The Chapel of Resurrection

The way into the austere and subdued The Chapel of Resurrection leads the visitor through a hall, supported by twelve columns.

Photo: Mattias Ek.

When Asplund’s small Woodland Chapel was completed, a larger chapel was needed. The area at the southern end of the Path of the Seven Wells was the right place. The road from Almhöjden to the chapel was almost 900 meters long with an impressive view.

Stylish and a bit difficult

Architect Sigurd Lewerentz was responsible for the second chapel on the site. He had initially worked mostly on the landscape’s form. After a couple of years of work and many experiments on-site, the chapel was completed in 1925. We know almost nothing about Lewerentz’s thoughts on architecture because he never wanted to talk about it. When the chapel was inaugurated, the reactions were mixed: both stylish and a bit difficult to understand.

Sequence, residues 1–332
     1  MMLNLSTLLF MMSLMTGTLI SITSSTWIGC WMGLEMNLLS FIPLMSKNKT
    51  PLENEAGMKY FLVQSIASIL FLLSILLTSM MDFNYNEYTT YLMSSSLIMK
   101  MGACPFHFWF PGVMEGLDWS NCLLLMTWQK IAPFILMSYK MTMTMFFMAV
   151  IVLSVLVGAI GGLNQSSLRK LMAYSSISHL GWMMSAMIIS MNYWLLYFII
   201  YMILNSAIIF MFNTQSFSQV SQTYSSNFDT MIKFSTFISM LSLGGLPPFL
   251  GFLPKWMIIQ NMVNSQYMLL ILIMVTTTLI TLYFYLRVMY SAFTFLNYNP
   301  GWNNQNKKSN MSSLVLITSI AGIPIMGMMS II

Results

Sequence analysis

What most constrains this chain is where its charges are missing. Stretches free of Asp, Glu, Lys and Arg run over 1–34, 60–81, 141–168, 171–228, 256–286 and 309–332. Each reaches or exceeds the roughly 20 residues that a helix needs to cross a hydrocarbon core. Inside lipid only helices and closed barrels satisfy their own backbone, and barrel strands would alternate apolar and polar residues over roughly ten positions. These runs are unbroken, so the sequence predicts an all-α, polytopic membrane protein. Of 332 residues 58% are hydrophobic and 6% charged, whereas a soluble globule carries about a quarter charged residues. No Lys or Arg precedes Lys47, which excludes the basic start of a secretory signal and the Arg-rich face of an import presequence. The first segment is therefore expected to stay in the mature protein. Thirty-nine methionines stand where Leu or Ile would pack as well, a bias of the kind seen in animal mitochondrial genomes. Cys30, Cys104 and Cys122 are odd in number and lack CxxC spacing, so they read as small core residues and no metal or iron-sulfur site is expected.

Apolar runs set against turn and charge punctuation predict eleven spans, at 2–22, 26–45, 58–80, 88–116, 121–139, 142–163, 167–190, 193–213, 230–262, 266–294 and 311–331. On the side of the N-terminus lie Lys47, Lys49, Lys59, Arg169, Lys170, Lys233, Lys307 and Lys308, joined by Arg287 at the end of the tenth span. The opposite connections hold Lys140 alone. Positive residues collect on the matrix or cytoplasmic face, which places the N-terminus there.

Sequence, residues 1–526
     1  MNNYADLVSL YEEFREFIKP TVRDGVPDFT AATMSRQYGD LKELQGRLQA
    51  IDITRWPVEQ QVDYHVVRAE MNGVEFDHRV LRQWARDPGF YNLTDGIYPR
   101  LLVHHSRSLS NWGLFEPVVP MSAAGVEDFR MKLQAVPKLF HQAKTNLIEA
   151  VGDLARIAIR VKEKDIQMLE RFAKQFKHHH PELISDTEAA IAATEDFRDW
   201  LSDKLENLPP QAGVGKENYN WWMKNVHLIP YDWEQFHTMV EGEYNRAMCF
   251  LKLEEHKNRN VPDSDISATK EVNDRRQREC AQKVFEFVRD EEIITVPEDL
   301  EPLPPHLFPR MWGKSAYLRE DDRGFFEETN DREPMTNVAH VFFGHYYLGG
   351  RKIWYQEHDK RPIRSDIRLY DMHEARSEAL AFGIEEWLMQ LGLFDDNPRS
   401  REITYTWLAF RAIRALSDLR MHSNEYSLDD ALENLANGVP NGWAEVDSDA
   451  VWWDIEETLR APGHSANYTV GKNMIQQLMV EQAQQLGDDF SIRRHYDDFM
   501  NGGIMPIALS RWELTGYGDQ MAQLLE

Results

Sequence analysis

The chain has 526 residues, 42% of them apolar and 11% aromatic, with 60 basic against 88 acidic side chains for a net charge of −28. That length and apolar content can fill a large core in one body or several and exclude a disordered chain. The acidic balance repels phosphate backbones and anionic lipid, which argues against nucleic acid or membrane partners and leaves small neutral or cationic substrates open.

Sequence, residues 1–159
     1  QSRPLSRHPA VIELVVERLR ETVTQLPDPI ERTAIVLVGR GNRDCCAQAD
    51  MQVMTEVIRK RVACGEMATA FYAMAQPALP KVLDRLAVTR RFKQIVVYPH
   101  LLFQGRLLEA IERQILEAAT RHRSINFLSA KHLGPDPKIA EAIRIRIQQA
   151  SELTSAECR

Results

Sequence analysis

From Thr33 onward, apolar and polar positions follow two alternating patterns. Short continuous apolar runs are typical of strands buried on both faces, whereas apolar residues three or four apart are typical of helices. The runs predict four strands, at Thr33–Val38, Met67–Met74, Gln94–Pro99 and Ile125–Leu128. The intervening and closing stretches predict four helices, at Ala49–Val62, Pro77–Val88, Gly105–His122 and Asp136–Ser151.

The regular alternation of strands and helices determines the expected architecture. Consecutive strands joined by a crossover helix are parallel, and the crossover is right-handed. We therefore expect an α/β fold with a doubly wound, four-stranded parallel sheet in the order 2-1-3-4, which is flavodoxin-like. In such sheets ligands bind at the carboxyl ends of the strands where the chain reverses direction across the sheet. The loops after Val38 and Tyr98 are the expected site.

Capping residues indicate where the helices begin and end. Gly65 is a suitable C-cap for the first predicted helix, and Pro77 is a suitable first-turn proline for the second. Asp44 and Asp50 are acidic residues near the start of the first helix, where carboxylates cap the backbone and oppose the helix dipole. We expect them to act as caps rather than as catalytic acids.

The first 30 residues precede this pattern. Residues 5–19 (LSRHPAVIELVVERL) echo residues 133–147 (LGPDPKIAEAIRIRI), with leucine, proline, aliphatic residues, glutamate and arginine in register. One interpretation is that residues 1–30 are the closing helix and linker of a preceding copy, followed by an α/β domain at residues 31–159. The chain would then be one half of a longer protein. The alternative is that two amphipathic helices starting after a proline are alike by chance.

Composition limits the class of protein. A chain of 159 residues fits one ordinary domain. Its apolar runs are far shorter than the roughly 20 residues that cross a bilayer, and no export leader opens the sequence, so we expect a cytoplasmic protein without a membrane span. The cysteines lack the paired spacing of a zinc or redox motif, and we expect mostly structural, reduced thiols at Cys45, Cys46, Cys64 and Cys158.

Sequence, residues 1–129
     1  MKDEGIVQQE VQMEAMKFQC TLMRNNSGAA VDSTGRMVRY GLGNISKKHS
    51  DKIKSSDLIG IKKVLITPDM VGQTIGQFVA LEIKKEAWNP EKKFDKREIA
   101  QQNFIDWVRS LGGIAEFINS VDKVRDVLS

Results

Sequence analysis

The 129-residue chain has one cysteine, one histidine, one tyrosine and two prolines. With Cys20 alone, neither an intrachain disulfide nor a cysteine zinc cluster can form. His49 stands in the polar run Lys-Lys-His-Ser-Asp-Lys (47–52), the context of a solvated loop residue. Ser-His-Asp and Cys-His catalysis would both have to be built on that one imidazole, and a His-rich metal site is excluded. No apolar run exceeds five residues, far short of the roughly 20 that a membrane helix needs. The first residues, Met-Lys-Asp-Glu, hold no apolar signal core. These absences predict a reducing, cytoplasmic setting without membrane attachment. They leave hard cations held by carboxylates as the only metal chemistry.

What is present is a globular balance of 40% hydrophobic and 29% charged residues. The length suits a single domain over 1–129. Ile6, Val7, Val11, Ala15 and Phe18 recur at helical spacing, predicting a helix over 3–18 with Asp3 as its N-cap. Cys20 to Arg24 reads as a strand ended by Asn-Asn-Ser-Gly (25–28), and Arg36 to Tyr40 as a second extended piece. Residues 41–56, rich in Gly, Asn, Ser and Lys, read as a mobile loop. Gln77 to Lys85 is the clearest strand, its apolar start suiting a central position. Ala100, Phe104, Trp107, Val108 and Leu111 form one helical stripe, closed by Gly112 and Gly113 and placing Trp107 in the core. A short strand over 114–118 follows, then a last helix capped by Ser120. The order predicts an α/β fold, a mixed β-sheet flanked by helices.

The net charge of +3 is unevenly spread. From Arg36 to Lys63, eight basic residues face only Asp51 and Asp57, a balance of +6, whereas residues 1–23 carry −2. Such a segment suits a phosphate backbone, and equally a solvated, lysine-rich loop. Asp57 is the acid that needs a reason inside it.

Photo: Mattias Ek.

Classical and modern

The Chapel of Resurrection got its name from the sculpture group above the entrance, made by Ivar Johnson. The chapel is special: long, narrow, and high. It is a completely different experience than the Woodland Chapel. The building is strict and simple while also being slightly skewed. The interior has special details that remind us of both classical and modern architecture. The floor is particularly beautiful in precious Carrara marble. It is intended as something beautiful to look at and a support in a difficult time.

Photo: Mattias Ek.

Explore the chapel online

With panoramic photography in Google Street View, you can look around in the chapel.